An Ottoman berāt is “a document authenticated by the tuğra which conferred upon a person appointed to a post the authority to carry out the duties entailed, or which granted to a person a privilege or the freehold ownership of land.”  It has basically the same format as the fermān, except it was not named to a specific person. IE step 3 above is missing  Instead the document addressed the world in general for the grantees rights and duties. The grantee was likely identified in step 7 but this is my assessment, and not identified as such in the book. A berāt started with the phrase “This is the command of the noble, exalted, lofty sultinic sign and the illustrious, world-conquering khakanic tuğra… may it be effective through the Divine aid and Eternal protection!”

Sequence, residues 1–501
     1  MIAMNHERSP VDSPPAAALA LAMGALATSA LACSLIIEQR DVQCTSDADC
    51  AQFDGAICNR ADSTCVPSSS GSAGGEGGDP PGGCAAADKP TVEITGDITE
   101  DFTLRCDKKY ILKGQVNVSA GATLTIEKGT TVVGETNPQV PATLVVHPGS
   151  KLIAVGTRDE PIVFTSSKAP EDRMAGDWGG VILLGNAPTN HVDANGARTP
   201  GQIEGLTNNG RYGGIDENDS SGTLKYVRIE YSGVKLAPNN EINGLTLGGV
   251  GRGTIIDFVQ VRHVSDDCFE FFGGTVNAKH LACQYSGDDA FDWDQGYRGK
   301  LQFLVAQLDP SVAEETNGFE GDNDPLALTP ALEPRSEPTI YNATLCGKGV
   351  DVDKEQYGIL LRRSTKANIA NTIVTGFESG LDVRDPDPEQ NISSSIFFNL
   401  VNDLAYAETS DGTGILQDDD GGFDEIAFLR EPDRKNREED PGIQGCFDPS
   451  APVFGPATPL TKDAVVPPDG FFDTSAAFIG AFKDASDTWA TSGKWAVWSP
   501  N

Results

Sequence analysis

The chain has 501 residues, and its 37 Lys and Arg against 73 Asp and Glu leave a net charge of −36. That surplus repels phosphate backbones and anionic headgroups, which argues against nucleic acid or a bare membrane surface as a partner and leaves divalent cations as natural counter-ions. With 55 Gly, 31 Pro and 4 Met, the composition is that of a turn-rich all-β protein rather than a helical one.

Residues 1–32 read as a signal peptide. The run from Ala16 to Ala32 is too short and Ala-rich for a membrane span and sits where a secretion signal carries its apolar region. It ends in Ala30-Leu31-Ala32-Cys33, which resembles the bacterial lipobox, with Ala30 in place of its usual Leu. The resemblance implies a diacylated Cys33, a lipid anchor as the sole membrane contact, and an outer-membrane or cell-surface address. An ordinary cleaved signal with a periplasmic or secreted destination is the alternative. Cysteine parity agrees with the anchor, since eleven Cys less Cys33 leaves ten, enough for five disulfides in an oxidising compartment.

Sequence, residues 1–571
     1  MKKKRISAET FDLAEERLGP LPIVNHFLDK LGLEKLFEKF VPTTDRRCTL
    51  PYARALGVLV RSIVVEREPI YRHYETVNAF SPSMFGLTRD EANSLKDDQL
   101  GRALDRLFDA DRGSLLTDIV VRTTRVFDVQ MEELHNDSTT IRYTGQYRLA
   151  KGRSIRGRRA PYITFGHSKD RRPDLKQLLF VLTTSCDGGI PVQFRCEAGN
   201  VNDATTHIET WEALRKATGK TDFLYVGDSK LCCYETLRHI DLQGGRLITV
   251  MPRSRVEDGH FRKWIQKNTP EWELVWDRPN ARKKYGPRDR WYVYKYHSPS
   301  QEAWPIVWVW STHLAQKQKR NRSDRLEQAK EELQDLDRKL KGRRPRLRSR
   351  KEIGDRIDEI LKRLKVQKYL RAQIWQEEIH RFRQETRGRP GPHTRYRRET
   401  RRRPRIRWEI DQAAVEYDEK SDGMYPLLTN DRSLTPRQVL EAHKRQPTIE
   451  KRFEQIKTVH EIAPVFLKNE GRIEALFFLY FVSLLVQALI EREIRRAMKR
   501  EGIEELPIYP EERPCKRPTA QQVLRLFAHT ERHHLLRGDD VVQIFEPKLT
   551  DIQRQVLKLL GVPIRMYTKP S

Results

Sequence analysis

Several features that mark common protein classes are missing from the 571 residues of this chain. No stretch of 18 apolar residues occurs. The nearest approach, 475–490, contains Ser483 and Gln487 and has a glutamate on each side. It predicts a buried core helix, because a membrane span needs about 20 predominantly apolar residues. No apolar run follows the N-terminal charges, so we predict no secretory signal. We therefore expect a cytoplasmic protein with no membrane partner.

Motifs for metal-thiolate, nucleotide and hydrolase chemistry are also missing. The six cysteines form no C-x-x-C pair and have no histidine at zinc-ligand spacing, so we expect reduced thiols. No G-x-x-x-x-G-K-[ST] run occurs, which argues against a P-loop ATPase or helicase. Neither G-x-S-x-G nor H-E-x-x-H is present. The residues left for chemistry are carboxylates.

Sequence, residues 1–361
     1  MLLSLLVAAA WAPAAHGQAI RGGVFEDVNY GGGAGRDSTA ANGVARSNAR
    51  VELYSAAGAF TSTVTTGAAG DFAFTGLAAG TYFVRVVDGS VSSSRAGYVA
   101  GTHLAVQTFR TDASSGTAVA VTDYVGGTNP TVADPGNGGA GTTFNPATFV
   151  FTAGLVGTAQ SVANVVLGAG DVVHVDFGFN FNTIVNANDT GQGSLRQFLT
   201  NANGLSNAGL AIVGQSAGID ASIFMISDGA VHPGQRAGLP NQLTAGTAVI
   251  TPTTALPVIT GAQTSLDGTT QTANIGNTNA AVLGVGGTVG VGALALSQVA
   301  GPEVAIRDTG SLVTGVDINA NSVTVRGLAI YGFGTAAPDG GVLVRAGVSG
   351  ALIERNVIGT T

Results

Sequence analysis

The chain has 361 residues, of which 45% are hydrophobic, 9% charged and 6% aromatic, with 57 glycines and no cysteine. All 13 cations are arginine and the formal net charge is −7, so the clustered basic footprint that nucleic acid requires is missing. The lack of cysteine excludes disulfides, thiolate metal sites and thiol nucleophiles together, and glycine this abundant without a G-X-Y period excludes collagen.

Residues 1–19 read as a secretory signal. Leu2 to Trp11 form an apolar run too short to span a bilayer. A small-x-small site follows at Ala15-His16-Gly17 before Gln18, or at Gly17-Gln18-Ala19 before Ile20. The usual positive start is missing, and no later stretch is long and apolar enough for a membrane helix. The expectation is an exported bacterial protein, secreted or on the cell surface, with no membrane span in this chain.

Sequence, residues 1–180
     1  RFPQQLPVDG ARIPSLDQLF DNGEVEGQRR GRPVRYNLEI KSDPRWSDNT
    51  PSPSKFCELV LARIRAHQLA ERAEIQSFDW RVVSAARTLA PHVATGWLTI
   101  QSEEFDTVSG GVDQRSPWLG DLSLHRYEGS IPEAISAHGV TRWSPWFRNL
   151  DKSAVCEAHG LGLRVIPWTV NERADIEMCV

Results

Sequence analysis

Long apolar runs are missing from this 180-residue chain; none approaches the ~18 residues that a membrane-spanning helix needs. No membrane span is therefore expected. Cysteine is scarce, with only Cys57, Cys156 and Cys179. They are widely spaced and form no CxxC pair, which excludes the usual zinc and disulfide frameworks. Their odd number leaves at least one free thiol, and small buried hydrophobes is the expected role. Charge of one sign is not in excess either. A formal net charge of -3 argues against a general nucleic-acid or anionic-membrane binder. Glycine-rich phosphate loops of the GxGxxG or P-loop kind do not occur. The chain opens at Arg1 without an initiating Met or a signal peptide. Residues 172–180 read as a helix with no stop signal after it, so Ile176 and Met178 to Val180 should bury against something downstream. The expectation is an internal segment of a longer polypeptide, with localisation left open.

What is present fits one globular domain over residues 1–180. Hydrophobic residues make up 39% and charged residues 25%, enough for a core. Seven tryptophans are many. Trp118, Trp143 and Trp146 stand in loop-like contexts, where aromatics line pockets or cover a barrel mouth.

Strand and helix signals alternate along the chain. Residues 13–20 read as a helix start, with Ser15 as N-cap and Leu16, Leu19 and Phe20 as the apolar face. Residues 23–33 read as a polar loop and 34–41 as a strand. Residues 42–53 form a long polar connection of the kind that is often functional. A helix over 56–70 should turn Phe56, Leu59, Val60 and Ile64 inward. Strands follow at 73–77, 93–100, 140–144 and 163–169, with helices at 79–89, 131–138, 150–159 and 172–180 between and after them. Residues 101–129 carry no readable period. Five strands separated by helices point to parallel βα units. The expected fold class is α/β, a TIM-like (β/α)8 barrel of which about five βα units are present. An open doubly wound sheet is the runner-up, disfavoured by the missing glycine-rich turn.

There were several kinds of berāts:

1. Menşūrs: an appointment.  A menşūr detailed the name and the situation of the post, it’s stipend and income, the name of the grantee, their duties and the reason for the appointment.  If your Kingdom does scrolls for kingdom offices, this one could be fun.

2. Mülks: a land grant.  They bestowed on one (or more than one) person freehold property, consisting of one or more villages.  It specified the titles and the names of the grantee, the name of the property, it’s revenue, how the property became free such that the sultan could give it away, ie whether it was a first time grant or if the previous owner died without heir, or if the land had been confiscated by the crown.   Could be appropriate for household charters or for scrolls for baronies.
3. Sinirnāmes: A statement of boundaries. The statement of boundaries were sometimes incorporated within a mülk, and were sometimes a separate document.  When their own document, they modified the boundaries of a property given at a seperate date. 

Source Material: 

Nadir, Ayşegül, Osmanli Padişah Fermanlari/Imperial Ottoman Fermans, The Hand Press Limited, London 1986, ISBN: 0951168010